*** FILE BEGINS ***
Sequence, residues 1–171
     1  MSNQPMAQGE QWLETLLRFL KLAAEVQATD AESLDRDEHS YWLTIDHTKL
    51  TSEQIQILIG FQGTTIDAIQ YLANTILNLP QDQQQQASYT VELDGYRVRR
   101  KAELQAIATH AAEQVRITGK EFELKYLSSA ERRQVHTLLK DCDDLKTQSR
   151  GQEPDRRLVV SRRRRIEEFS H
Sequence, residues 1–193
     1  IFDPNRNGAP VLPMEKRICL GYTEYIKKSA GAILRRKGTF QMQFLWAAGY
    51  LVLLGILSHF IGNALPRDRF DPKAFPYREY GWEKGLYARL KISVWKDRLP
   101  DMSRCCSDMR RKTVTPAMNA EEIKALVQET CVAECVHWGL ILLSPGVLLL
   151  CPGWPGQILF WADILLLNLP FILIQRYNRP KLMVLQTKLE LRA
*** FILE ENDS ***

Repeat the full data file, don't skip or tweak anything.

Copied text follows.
Sequence, residues 1–171
     1  MSNQPMAQGE QWLETLLRFL KLAAEVQATD AESLDRDEHS YWLTIDHTKL
    51  TSEQIQILIG FQGTTIDAIQ YLANTILNLP QDQQQQASYT VELDGYRVRR
   101  KAELQAIATH AAEQVRITGK EFELKYLSSA ERRQVHTLLK DCDDLKTQSR
   151  GQEPDRRLVV SRRRRIEEFS H
Sequence, residues 1–193
     1  IFDPNRNGAP VLPMEKRICL GYTEYIKKSA GAILRRKGTF QMQFLWAAGY
    51  LVLLGILSHF IGNALPRDRF DPKAFPYREY GWEKGLYARL KISVWKDRLP
   101  DMSRCCSDMR RKTVTPAMNA EEIKALVQET CVAECVHWGL ILLSPGVLLL
   151  CPGWPGQILF WADILLLNLP FILIQRYNRP KLMVLQTKLE LRA